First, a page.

By Megan Paulson Outlaw Partners Chief Operating Officer
Microbial biofilm is a form of bacteria that is
nearly everywhere. In fact, it resides in everything
from toothbrushes to the geysers
in Yellowstone National Park.
In the last 20 years, science has shown that
98 percent of all bacteria exist as microbion
biofilms. Making up roughly 50 percent of
the Earth’s biomass, they provide a highly
resistant protective shield for bacteria and
fungi, facilitating their survival for billions
of years.
More than 80 percent of all infections are
related to microbial biofilms, according to the
National Institutes of Health. Moreover, the
Centers for Disease Control and Prevention
have affirmed biofilms are highly resistant to
frontline antibiotics, causing more than 65
percent of hospital-acquired infections.
Microbial biofilms cause many problems,
including biocorrosion of oil pipelines, and
biofouling of ship’s hulls, pulp and paper
manufacturing, and water filtration systems
used for desalinization and production of safe
drinking water.
For Bozeman-based Microbion Corporation,
advancements in the microbial biofilm
industry have propelled the company into a
wave of opportunity. Microbion is developing
a platform of broad-spectrum bismuththiol
(BT) antimicrobial compounds effective
against nearly all antibiotic-resistant bacteria
tested and their microbial biofilms.
“We believe that BTs may be the most
potent, broad-spectrum antimicrobial/antibiofilm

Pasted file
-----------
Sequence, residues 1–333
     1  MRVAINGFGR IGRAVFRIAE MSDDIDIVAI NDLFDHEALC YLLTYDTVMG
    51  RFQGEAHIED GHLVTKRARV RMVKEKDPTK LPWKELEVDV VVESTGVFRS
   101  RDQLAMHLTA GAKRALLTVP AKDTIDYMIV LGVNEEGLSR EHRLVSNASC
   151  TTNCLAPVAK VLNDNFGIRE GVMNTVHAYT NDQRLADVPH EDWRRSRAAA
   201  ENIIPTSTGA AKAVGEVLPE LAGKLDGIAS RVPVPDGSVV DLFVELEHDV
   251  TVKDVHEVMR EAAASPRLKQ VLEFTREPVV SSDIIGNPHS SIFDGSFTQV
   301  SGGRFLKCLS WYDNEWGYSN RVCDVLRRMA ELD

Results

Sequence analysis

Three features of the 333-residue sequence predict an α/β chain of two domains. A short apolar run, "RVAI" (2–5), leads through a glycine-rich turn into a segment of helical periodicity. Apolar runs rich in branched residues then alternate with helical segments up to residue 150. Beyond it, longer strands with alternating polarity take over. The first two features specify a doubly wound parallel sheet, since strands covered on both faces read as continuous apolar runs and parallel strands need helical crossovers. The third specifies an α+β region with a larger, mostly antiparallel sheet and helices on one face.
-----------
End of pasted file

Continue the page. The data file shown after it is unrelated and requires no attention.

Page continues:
compounds developed to date,” says Dr.
Brett Baker, Microbion Founder, President and
The company’s revolutionary compounds are
showing several key advantages over current
frontline antibiotics. This, Baker notes, makes
the BT technology unique in both health and
industrial settings.
Globally, market trends and unmet health
needs have shifted, emphasizing the need for
new classes of antimicrobials that address lifethreatening,
antibiotic-resistant infections and
microbial biofilms.
Last year, the World Health Organization
identified antibiotic resistance as a global health
crisis. In response, Congress in 2012 passed the
GAIN (Generating Antibiotic Incentives Now)
Act with broad bipartisan support. This legislation
provides incentives and FDA regulatory
priority to companies developing new drugs to
fight antibiotic resistant infections.
In October 2012, the Defense Medical Research
and Development Program awarded
Microbion and team a $2.5 million grant,
provided through the U.S. Department of
With the funding Microbion, working with
the University of Pennsylvania and University
of California – San Francisco, will conduct
Phase 2 human trials to treat post-surgical
orthopedic infections with Microbion’s
BisEDT, an antimicrobial drug currently in
regulatory development. Scientists successfully
completed the therapeutic drug’s Phase
1 trials in 2011.
“This is a critically important area for the
global community, as almost all current
antibiotics are losing effectiveness against
antibiotic resistant bacterial and fungal
infections,” Dr. Baker said.
The technology has the potential to
improve outcomes for more than 100,000
orthopedic implant patients suffering from
post-operative infections in the United
States each year.
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